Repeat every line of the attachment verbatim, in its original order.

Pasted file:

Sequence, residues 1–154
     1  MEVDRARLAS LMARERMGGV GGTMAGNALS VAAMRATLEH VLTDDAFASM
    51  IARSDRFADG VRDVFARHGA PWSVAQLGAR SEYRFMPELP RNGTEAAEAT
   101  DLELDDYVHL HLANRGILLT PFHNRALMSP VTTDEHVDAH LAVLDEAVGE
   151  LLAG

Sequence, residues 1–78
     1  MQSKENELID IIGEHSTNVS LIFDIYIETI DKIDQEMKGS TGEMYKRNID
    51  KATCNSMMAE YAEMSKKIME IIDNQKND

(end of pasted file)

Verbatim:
Sequence, residues 1–154
     1  MEVDRARLAS LMARERMGGV GGTMAGNALS VAAMRATLEH VLTDDAFASM
    51  IARSDRFADG VRDVFARHGA PWSVAQLGAR SEYRFMPELP RNGTEAAEAT
   101  DLELDDYVHL HLANRGILLT PFHNRALMSP VTTDEHVDAH LAVLDEAVGE
   151  LLAG

Sequence, residues 1–78
     1  MQSKENELID IIGEHSTNVS LIFDIYIETI DKIDQEMKGS TGEMYKRNID
    51  KATCNSMMAE YAEMSKKIME IIDNQKND